- “The angels will come and separate the wicked people from the righteous, throwing the wicked into the fiery furnace, where there will be weeping and gnashing of teeth” (13:49b-50).
Do you understand all these things?
Jesus closes the parable of the fishing net with the question, Do you understand all these things? Earlier in the chapter, he had told his disciples, “You are permitted to understand the secrets (or ‘mysteries’) of the Kingdom of Heaven, but others are not” (13:11). That was not intended to be a permanent condition; the whole point of Jesus’ ministry was to proclaim and reveal the Kingdom of Heaven. But the disicples needed to understand, because they were called to join in the work. So Jesus asks, “Do you understand all these things?”
Well, do we?
I grew up in an era where revival preachers routinely preached about hell and the final judgment. While fear is a powerful motivator, the motivation only remains as long as the fear is present. I’m also an attorney, and one of the things I learned in law school was that the effectiveness of a punishment as a deterrent is a function of the severity and the certainty of the punishment. The more uncertain the punishment, and the more remote, the less effective the deterrent.
I don’t believe that fear is an effective way to bring people into God’s Kingdom. In these parables, Jesus isn’t trying to scare his disciples; he views them as already being in the Kingdom. I believe he wants them to be motivated by urgency – the urgency to let people know the good news about the Kingdom. But “good news” implies the presence of an alternative – “bad news.” And the bad news is that at the end of the world, the wicked will receive their punishment.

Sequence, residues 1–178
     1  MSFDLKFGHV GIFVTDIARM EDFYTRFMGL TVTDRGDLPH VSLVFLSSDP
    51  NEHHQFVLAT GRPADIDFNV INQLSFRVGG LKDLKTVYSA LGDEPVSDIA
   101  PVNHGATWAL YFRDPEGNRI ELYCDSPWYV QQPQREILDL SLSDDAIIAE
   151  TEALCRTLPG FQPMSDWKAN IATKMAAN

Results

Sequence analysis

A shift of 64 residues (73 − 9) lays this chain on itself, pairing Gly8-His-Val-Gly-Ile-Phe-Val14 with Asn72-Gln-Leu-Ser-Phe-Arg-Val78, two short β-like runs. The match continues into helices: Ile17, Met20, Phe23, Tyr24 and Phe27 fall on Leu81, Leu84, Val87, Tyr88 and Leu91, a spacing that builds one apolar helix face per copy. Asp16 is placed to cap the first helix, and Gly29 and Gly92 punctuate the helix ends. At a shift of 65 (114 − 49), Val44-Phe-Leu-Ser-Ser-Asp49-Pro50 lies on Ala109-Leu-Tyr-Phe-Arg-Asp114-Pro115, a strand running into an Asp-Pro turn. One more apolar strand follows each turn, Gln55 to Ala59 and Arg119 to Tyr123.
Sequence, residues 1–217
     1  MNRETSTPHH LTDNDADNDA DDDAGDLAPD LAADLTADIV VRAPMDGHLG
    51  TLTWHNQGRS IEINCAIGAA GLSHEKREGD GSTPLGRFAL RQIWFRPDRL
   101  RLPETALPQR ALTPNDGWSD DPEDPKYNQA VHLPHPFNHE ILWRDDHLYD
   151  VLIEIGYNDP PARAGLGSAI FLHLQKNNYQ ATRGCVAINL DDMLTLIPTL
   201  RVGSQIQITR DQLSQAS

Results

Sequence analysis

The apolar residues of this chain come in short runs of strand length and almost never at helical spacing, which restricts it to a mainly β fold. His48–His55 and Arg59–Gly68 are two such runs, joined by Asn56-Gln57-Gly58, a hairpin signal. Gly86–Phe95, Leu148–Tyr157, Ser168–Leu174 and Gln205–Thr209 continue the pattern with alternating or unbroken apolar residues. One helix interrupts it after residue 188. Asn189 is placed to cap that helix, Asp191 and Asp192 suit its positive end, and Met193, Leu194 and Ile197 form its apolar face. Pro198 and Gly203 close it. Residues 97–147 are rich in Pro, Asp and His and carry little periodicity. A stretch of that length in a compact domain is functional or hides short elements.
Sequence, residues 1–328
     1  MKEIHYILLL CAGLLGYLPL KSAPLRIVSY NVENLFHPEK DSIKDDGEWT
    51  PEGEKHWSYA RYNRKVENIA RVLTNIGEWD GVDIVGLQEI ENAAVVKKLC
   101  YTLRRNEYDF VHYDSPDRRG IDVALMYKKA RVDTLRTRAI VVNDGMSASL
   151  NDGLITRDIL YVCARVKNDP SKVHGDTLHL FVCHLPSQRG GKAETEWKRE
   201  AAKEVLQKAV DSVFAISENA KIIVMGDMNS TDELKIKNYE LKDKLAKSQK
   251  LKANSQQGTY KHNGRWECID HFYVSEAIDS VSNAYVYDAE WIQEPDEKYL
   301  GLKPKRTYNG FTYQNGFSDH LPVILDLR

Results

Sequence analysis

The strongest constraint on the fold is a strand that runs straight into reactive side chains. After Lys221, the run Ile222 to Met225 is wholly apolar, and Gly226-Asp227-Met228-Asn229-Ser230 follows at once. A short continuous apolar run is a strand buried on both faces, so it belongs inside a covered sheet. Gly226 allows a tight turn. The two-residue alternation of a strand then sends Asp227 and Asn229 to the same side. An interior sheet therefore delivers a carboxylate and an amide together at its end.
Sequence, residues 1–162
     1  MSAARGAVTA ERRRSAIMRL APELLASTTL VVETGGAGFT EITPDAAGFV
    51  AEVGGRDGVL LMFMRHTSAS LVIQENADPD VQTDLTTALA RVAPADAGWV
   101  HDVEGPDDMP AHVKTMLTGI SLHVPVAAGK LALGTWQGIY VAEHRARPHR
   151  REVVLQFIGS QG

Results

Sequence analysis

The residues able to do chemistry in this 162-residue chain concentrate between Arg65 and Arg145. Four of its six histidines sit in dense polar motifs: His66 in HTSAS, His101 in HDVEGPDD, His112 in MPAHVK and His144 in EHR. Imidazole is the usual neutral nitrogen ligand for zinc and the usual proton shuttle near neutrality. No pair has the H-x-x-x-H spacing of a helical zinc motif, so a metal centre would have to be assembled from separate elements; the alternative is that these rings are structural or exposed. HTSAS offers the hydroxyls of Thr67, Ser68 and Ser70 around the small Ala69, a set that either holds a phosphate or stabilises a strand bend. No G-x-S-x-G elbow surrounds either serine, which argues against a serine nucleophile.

So what are we to do?
I believe that this passage reminds us of two important parts of our calling to follow Jesus. First, we are to make the Kingdom known to others. In the parable of the fishing net, the fishermen weren’t trying to limit the number of fish they brought in; they let the net down and hauled in as many fish as they could.
Second, connected with the first, we don’t need to waste time trying to “sort out the fish.” Jesus says that’s the angels’ job, and they’ll do it at the end of the world. When the net’s down deep in the water, we can’t really see well enough to know which fish are “good.” We just need to haul them all in, and leave the rest of Jesus!
Father, we confess that we are prone to wanting to “sort things out.” Thank you for reminding us that you will see to that, at the right time. Help us to do the things that will bring the fish in. Thank you, also, for reminding us that although we shouldn’t try to scare people into your Kingdom, neither should we shy away from talking about an eternal judgment and destiny. If Jesus talked about it – and he did – so should we. But Jesus didn’t only talk about judgment and hell, and neither should we.
Help us each day to be ready to talk about all of the truth connected with your Kingdom, just as Jesus did. And help us to model the life of peace and wholeness which only comes from knowing Jesus. Amen.